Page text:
As this was our principal fund-raiser for the year, we still need to meet our financial commitments for the current and first half of the following fiscal year. If you would like to support us to help us get through this challenging time and loss of our operating revenue, you can make a donation or consider joining us. Membership is a great way to support our railroad, and it comes with many other perks as well. You can do both on our website via the links above.

Please understand this was a difficult decision for all of the volunteers here at Niles Canyon Railway. We do have our upcoming September steam runs if you would like a chance to support and ride with us. More details on those trips can be found on our website here.

We are hoping and our volunteers are fully committed to returning the Train of Lights to the rails of our Niles Canyon Railway if the conditions allow in 2021. Thank you again for everyone that has ridden our train over the many years.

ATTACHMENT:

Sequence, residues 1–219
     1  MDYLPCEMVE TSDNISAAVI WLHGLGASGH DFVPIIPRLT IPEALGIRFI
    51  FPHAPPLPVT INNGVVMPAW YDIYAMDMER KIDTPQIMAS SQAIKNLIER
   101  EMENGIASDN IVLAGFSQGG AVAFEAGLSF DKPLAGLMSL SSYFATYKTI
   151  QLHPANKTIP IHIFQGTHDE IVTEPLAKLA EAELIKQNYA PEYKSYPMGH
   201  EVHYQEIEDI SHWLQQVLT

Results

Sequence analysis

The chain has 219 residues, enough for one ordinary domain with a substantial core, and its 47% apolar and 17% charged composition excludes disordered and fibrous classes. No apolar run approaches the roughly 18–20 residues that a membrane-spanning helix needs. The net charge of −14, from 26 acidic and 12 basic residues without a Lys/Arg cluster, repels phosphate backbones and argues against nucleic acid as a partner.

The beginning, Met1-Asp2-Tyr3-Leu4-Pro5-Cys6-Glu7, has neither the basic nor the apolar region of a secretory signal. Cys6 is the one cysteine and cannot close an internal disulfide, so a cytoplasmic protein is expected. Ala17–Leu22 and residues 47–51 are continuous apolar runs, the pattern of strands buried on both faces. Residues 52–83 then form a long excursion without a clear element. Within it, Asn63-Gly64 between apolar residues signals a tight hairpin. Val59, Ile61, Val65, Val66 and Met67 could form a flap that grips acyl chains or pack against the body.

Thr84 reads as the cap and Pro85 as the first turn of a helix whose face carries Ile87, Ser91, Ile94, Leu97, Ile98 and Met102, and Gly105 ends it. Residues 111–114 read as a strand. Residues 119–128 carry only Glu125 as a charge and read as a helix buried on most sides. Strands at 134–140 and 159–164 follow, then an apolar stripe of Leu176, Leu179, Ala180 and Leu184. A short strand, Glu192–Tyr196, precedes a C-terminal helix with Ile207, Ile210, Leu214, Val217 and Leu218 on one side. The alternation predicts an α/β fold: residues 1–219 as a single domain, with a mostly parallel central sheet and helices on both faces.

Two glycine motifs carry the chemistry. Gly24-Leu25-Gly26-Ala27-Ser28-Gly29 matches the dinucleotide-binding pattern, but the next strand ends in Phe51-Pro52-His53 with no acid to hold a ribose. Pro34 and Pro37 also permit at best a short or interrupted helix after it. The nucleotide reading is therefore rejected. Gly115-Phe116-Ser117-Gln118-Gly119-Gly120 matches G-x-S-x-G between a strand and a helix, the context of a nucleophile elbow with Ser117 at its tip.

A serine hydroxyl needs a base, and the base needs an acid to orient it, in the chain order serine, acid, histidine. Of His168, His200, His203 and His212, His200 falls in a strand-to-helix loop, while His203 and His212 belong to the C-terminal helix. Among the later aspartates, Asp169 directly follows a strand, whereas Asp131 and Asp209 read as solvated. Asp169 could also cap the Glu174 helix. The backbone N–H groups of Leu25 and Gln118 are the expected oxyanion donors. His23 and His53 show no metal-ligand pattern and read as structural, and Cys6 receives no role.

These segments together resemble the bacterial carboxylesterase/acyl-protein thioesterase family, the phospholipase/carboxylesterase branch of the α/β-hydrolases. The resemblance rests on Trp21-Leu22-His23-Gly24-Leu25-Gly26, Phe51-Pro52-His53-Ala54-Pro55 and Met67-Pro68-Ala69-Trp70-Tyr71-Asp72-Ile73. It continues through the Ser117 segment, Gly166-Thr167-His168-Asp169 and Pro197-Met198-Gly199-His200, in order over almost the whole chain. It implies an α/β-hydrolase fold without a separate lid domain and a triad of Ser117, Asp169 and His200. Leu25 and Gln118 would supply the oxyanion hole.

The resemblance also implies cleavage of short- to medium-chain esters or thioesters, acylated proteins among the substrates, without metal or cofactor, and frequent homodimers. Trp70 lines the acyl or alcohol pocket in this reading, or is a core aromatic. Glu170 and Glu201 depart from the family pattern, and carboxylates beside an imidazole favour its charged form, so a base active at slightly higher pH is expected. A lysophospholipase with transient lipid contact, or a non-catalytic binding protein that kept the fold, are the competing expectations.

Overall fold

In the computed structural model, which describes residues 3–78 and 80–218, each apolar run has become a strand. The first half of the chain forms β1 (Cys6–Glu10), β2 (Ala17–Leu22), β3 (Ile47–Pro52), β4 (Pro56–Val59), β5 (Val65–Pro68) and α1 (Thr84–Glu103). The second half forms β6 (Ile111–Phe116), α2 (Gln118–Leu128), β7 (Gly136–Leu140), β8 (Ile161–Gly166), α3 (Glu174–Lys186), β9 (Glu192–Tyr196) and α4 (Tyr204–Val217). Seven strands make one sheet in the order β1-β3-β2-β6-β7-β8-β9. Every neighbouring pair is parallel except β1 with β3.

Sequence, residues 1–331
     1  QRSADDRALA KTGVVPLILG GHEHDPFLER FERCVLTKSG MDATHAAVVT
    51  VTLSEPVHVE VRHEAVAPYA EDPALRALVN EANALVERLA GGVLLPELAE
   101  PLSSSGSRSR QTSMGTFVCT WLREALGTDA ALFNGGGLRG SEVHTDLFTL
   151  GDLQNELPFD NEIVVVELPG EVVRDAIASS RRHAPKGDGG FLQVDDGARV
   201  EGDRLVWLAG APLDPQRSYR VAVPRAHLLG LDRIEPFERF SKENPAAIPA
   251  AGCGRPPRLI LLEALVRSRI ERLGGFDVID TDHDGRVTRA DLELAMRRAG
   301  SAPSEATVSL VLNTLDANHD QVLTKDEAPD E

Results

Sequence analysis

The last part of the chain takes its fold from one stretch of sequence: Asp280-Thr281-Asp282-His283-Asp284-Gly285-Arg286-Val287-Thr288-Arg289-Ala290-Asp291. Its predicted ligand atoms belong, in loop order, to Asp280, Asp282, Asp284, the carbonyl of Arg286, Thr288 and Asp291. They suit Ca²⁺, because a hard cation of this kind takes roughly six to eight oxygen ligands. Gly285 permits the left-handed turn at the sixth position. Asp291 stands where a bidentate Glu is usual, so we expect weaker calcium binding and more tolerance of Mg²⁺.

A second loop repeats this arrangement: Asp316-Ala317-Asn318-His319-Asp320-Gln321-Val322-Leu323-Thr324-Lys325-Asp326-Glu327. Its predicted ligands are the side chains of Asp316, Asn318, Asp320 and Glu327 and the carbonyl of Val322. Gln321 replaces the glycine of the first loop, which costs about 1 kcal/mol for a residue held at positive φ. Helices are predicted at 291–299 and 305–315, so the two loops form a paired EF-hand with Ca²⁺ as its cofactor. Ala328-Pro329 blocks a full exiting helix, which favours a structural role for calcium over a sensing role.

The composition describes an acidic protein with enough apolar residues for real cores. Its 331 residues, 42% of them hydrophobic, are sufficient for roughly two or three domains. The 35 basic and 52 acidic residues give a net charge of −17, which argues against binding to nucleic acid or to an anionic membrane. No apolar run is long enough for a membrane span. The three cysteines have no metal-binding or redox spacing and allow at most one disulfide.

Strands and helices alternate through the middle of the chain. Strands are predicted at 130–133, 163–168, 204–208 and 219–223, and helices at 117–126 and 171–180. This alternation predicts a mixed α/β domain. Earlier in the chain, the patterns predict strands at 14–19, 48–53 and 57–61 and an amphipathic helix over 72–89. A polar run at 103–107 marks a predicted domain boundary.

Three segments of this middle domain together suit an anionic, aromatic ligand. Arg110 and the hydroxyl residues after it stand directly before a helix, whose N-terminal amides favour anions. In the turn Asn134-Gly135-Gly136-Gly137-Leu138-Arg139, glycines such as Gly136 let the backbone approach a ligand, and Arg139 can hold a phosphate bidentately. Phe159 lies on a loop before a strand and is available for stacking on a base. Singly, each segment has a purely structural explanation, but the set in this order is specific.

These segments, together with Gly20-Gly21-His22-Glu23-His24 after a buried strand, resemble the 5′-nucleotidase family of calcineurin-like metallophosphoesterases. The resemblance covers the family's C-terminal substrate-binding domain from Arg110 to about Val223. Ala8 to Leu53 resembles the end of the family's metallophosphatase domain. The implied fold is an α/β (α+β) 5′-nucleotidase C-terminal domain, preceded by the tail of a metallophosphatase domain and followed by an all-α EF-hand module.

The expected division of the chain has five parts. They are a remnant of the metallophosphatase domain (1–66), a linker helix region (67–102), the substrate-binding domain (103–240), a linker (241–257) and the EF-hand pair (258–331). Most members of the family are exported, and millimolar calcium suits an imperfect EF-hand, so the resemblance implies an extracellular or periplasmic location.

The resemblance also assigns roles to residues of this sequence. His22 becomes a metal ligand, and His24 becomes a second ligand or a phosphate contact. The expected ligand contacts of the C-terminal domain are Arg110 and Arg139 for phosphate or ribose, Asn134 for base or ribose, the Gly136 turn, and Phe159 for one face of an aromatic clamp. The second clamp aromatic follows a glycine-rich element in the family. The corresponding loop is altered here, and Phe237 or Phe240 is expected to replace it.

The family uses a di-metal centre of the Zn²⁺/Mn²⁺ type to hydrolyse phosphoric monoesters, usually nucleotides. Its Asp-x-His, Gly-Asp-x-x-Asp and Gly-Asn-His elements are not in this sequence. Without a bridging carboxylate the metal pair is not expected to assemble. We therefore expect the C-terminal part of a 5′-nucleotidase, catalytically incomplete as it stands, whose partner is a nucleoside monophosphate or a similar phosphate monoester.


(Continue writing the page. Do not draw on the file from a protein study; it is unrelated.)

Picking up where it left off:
Sheltering in place…

The Niles Canyon Railway continues to follow the shelter in place order put in place in Alameda and surrounding counties in the Greater Bay Area to reduce the spread of COVID-19. Therefore, all train rides (Field trip trains/ Sunday train rides/Beer on the Rails/Riding the Rails for Relay) and volunteer efforts are cancelled until further …

The Niles Canyon Railway continues to follow the shelter in place order put in place in Alameda and surrounding counties in the Greater Bay Area to reduce the spread of COVID-19. Therefore, all train rides (Field trip trains/ Sunday train rides/Beer on the Rails/Riding the Rails for Relay) and volunteer efforts are cancelled until further notice. We will keep everyone updated as time goes on. In the meantime, we will keep posting interesting photos of our museum operations and from our archives on our Facebook and Instagram sites as a way to keep sharing our museum’s mission. We ask everyone to please stay safe, and we hope to be back out of the engine house soon enough.